Field Crop News
As the soybean acreage continues to grow, we will have more acres of soybeans planted in to “virgin” soils where there has been no recent history of soybeans. Take a closer look at soybeans in “Virgin” soils for nodulation before its too late.
Members of the Aster family, particularly the ragweeds, are never good neighbors and it’s key to understand what your post treatment options are.
The Pennsylvania Soybean Promotion board is sponsoring the discovery of valuable crop management information for producers across Pennsylvania in an effort to improve the production and use of the commodity.
Slow crop development and untimely rains in Pennsylvania during 2014 have increased the risks to our small grain crops.
Rainfall deficits have shrunk in many sections as a result of moderately wet May. Temperatures remain just a bit above normal, but no prolonged heat has occurred or is foreseen.
You did not have an opportunity to burn down your no-till soybean fields? Read about some weed control options.
Does your corn crop need additional Nitrogen to produce a top yield? Here are two ways to find out:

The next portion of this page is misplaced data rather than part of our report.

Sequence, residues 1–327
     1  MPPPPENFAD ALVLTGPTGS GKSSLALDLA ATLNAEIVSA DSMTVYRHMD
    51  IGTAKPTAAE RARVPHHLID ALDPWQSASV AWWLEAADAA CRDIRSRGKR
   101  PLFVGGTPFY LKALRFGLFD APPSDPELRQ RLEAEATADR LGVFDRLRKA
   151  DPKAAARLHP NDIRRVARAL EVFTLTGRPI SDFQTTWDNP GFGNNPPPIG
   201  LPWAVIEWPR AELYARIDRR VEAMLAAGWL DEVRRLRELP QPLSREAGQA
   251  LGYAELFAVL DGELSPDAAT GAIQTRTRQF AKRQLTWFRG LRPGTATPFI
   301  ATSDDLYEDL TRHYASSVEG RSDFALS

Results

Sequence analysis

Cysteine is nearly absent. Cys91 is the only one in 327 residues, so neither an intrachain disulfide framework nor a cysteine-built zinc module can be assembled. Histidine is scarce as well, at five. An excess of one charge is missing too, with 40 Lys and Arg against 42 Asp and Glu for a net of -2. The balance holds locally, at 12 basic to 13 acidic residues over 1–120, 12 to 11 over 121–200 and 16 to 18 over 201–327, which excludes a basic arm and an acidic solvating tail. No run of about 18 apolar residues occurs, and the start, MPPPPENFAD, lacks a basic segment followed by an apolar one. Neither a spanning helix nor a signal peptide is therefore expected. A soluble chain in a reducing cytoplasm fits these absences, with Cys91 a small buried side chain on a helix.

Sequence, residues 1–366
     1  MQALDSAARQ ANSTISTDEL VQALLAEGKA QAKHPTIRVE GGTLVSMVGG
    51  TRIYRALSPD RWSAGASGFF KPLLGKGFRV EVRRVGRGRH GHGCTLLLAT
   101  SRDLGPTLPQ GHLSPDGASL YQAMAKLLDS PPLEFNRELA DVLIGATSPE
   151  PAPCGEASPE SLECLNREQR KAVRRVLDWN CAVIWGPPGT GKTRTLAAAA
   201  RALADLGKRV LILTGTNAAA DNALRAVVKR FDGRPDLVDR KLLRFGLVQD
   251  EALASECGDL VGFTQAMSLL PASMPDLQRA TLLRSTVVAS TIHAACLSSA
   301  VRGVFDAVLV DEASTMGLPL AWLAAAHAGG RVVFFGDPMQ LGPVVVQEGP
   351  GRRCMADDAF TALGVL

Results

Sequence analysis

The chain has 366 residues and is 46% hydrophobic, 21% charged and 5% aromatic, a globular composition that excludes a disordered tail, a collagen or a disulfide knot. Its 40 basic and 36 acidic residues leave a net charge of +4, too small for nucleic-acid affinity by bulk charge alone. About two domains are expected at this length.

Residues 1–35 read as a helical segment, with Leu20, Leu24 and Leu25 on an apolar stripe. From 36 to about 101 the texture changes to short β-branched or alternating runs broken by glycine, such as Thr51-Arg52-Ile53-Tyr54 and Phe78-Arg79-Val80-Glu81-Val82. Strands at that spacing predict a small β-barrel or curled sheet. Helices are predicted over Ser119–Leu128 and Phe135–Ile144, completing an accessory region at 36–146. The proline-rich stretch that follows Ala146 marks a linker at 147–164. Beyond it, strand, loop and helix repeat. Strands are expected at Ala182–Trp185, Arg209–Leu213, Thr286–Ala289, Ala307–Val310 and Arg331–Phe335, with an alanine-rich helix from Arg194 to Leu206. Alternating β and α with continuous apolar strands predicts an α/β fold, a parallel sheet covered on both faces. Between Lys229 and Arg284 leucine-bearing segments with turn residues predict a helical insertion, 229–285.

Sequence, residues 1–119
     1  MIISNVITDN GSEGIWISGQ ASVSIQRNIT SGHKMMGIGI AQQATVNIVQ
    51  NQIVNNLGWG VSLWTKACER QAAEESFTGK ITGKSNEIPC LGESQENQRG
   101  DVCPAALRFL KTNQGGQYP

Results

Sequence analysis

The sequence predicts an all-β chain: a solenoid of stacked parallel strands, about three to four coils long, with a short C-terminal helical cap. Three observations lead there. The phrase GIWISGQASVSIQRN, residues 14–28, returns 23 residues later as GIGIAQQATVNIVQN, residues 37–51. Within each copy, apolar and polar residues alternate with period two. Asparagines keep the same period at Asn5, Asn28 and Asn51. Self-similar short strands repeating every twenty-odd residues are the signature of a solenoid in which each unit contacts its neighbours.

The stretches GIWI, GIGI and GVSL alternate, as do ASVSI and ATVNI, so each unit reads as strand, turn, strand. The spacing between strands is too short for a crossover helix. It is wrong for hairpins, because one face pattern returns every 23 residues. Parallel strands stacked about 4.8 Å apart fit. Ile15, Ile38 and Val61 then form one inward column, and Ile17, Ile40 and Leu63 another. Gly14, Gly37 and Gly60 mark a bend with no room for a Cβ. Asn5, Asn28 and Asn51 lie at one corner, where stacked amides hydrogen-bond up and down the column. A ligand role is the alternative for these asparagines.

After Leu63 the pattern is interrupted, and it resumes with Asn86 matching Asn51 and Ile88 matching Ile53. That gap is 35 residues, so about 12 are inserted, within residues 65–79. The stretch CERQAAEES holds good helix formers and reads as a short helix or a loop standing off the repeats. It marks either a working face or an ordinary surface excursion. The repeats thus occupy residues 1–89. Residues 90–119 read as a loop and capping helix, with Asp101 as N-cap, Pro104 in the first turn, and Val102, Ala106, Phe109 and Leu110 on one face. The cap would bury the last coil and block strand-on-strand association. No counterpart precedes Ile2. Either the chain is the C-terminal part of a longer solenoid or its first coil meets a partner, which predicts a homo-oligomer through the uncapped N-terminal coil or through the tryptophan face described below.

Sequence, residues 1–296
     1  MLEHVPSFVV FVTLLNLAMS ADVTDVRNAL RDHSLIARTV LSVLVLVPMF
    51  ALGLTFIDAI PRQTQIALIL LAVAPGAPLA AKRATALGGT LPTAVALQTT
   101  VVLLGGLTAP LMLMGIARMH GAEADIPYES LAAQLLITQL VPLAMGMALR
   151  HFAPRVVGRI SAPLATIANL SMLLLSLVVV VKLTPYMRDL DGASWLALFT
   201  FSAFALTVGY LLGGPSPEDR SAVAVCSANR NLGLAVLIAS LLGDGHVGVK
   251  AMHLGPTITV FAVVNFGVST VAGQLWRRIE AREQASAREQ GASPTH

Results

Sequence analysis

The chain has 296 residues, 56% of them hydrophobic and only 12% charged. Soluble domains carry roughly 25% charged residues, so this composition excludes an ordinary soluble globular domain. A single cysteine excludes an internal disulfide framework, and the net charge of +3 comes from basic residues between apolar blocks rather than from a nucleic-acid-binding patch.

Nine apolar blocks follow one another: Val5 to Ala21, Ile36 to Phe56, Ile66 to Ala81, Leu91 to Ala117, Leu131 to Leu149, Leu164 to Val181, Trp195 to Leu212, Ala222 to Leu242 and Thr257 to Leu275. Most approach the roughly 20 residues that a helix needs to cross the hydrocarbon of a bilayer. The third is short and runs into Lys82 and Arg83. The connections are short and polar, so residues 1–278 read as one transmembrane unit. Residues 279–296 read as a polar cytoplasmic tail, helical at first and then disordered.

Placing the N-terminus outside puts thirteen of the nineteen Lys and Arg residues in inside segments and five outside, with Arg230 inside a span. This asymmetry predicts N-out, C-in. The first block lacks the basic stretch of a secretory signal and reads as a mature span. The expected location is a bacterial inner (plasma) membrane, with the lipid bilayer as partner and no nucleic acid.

Take a look at some common symptoms associated with field crop herbicide injury.
Take time to dispose of used pesticide containers properly.
Join fellow producers at this field event on June 10th in New Columbia, Union County.
A pattern of warm, humid days mixed with cooler, drier days is expected this week and should continue into mid-June.
After significant flights of black cutworm moths were observed across parts of the state this spring, growers are advised to scout their corn fields for black cutworm feeding.
Stay alert for cereal leaf beetle in small grains and potato leafhopper in alfalfa.
Research conclusions for pokeweed control in corn and soybean.
Poison hemlock is growing aggressively in Southeast PA. Review this weed’s key identification features to avoid unintentional livestock poisoning.
After some substantial rainfall over the commonwealth late last week, a much drier pattern will ensue for the upcoming seven days.
Two weather fronts, one from the East and one from the West, collided last Thursday May 15th, causing the atmosphere near the U.S. East coast to be squeezed like a sponge.